It's amazing how the campus was transformed - it was filled with the sound of children. Well, actually, there were no children but it was filled with that amount of joy and laughter. Even the few professors I saw had a hidden smile and a gleam in their eyes. At first I noticed people walking around with a snowball in their hand, just in case they saw somebody that looked like a good target. After a few hours there were large snowball fights going on throughout campus.  There were snowmen of all shapes and sizes scattered throughout campus (one of my favorites held a sign that said "I love global warming.") Some students stopped  to pose with thier friends for a photo in front of the Administration Building or library fountain.  A diesel pick-up truck made figure-eights in an empty parking lot. Everybody was so friendly. Usually we all just rush from one building to the next, barely noticing the people around us. But today everyone looked at me and smiled as if to say, "hey, isn't this great!?"

An extra note about those snowmen - there was also a phallic one in front of the fraternity houses. "True to the university frat. culture," I said to my husband, rolling my eyes. But he, the philosophy student, had a different interpretation. Here is his story: ancient Greek gods were often depicted with a large erect phallus. A prominent Athenian statesman and general named Alcibiades was accused of desecrating pillars with depictions of Hermes by breaking off the phalli. The city decided to delay trial so that he could continue on his planned voyage, defending the city of Athens against the Sicilians city. While he was gone his enemies within the city were emboldened and plotted against him. Suspecting an unfortunate fate Alcibiades did not return to Athens. Rather, he went on and became an advisor to the Spartans, ultimately leading to the fall Athens. --- So perhaps these modern "greek" brother were just trying to bring back the ancient culture, a sort of Athenian revival.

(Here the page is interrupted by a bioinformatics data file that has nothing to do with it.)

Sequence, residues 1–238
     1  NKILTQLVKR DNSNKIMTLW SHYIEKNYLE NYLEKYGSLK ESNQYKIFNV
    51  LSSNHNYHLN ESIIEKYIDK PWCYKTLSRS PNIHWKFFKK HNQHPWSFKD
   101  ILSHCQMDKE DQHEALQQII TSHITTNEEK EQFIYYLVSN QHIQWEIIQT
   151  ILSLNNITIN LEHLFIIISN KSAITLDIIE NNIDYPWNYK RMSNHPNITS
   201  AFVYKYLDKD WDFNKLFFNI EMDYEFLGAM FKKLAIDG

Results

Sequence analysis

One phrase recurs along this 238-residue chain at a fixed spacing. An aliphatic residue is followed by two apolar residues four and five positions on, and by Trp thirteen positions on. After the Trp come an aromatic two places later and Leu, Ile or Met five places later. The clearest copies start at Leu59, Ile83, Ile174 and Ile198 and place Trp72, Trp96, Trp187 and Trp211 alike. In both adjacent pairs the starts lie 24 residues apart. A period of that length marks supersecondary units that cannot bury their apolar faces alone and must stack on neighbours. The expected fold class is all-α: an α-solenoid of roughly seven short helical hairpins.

When I came home from work in the evening it was still snowing. I stood by the car for a moment, alone, admiring the beauty, and the silence which allowed me to hear the snow melting from the rooftops.  I knew that by Saturday it would be 50 and sunny.

07 February, 2010

art everywhere

This weekend I visited the Fort Worth Modern art museum. I don't know much about art beyond an introductory art history course, but I have always loved viewing it. I find it to be a wonderful catalyst for relaxation and thought. The architecture of The Modern alone provokes many questions. The majority of the interior rooms are traditional rectangular rooms with white or gray walls, but around the border of the building are rooms with walls made of glass, allowing sunlight in and a view of the outdoors. Walking from an inclosed room to one with only a single solid wall is quite a contrast, and it made me very aware of the extent to which my surroundings affect the way I see a piece of art - or anything else for that matter.  If there had been flowers blooming and leaves on the trees outside, I probably would have seen more hope and life in the artwork in these rooms; if it had been storming, more gloom or wrath. 

This phenomena also made me wonder why we tend to separate art from our surroundings and our daily lives? Most people would agree that art is a good thing - we derive pleasure from its beauty and it allows us to reflect on the state of our present world, learn about the way the world used to be, and contemplate the way that others see the world. It seems to me that not only do we separate these objects by placing them in special buildings, but that on a daily basis we also overlook the things they represent.  This is what I intend this blog to be about: recognizing the art that exists all around us, the sublime in the ordinary, the beauty in the everyday.  I don't think that these things are hidden from us, but rather that we need only take a minute every now and then to recognize them.  This is my attempt to be mindful of beauty in my own life.  I hope it will help you to do the same.